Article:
Controlling Weeds

 

In most community gardens, weeds are a problem.  Gardeners need to weed their plots and pathways to prevent weeds from taking over.  This will also make your plants and fellow gardeners happy.  In some cases, gardeners cannot tell the difference between a weed and a plant, making them afraid to pull up the wrong thing.  This can be alleviated by doing a little research and finding pictures of the plants in your garden at various stages. If gardeners do not weed, the weeds will take over and rob valuable resources from your plants such as space, sun, water and nutrients.

  • Identify your weeds: Checkout this site to identify weeds found in your area.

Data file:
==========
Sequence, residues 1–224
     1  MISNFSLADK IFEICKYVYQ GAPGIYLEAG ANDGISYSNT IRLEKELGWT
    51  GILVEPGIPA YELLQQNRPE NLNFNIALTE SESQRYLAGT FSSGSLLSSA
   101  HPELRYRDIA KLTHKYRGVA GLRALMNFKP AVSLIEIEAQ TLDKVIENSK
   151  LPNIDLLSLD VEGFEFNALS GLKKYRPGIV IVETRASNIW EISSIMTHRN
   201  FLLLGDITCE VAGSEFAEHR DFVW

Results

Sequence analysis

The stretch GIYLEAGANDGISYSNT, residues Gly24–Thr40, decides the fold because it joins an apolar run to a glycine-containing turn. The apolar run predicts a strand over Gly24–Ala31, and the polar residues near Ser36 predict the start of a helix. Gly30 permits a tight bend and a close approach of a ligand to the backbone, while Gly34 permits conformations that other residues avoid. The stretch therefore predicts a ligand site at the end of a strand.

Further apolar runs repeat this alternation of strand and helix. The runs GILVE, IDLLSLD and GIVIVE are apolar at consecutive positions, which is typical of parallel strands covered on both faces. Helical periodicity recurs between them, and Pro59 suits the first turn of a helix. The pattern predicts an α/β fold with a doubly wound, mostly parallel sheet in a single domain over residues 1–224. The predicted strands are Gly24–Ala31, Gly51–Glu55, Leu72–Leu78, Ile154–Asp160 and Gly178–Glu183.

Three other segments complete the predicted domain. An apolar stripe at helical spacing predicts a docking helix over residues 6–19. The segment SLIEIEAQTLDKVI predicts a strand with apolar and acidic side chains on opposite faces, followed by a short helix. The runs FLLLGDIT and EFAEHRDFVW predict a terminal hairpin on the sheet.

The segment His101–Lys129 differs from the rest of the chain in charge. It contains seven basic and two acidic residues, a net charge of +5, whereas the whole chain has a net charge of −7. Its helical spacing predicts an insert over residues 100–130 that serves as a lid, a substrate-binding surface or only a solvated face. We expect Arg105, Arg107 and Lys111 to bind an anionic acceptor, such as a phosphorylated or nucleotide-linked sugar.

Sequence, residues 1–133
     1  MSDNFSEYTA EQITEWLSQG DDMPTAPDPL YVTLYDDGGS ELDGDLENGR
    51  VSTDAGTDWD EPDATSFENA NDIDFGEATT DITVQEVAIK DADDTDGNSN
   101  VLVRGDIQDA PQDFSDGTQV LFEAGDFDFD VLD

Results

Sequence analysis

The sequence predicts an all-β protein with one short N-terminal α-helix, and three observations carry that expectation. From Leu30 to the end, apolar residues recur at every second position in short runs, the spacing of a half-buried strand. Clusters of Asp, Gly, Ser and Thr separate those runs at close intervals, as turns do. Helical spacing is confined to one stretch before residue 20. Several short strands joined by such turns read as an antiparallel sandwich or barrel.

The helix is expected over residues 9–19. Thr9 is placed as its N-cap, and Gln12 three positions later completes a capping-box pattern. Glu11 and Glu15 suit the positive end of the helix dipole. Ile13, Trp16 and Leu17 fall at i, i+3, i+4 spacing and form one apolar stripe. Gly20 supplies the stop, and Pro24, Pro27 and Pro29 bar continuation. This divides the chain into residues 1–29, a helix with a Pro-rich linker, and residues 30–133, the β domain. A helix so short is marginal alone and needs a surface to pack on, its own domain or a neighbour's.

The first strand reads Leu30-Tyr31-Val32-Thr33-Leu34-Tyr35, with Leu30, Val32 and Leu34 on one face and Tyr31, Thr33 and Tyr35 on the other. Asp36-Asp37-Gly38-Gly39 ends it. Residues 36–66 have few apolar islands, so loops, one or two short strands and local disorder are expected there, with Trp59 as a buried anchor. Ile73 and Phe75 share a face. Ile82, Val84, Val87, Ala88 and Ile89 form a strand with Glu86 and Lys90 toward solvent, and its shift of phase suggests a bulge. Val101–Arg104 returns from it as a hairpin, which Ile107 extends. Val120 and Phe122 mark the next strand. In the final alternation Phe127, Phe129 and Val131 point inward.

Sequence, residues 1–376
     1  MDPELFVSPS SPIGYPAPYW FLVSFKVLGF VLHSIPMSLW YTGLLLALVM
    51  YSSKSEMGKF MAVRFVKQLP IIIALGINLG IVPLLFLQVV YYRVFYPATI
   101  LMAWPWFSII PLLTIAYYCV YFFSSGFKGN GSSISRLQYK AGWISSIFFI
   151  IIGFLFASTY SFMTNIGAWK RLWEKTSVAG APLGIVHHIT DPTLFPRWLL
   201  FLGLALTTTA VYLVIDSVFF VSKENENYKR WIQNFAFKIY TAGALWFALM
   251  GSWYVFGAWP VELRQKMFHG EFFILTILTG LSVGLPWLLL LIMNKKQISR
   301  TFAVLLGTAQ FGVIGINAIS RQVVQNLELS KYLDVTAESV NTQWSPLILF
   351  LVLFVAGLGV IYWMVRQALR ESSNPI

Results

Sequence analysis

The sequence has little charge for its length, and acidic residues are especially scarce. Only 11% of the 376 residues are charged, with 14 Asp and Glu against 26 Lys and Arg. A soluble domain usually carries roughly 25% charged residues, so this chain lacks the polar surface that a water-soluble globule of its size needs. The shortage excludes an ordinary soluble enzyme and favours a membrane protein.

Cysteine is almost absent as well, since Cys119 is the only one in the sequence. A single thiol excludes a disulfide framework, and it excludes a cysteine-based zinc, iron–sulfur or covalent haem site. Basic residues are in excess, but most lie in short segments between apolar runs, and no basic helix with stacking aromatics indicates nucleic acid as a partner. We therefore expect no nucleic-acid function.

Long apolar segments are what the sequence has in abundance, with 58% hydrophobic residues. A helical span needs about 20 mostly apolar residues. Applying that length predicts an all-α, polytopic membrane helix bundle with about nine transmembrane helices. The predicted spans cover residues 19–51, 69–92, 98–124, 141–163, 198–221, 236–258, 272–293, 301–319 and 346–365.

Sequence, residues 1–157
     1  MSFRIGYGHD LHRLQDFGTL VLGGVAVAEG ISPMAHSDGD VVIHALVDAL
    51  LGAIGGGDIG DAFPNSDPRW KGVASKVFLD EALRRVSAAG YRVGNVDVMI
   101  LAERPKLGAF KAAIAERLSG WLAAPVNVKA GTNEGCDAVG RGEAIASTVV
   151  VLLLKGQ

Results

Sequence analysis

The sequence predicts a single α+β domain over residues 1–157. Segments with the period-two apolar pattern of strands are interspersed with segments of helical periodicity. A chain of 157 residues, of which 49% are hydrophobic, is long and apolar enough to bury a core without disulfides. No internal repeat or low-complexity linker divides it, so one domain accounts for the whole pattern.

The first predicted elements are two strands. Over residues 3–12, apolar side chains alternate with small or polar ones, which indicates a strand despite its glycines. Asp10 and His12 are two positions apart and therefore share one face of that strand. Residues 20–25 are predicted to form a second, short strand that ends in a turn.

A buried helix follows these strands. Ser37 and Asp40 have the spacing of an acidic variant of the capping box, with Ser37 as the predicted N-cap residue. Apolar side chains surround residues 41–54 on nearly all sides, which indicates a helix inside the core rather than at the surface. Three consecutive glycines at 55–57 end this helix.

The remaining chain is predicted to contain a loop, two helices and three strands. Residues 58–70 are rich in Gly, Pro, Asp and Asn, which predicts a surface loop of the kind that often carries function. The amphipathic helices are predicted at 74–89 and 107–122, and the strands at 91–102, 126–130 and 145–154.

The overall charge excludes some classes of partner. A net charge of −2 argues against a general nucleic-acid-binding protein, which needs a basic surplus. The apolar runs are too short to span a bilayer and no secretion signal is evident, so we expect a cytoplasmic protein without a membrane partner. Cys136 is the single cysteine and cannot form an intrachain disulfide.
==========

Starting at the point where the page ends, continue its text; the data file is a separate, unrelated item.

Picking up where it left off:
• A thorough weeding early in the season can save a lot of work later on.
  • Get rid of grass and weeds before you plant – do not rototill them under.  Use newspaper, cardboard or a black tarp to kill these plants first.  Another method is to turn the soil with a digging fork – break-up the dirt and remove any roots found.
  • When mowing around or near the garden, be sure to blow debris away from the garden bed.
  • Remove weeds as soon as you see them.  Watering the garden a few hours before you pull weeds will make it easier.
  • Add cedar or straw mulch between the rows of plants or use green mulch by growing clover between your rows.
  • Remove all seeds from the weeds and do not add them to the compost.
  • Mulching helps cut down the weeds in your garden and helps reduce the amount of watering required. You can use a variety of mulching materials or consider using ground covers to cover open dirt space and keep weeds down.
 

image of a woman standing in a garden using a garden hoe to turn the dirst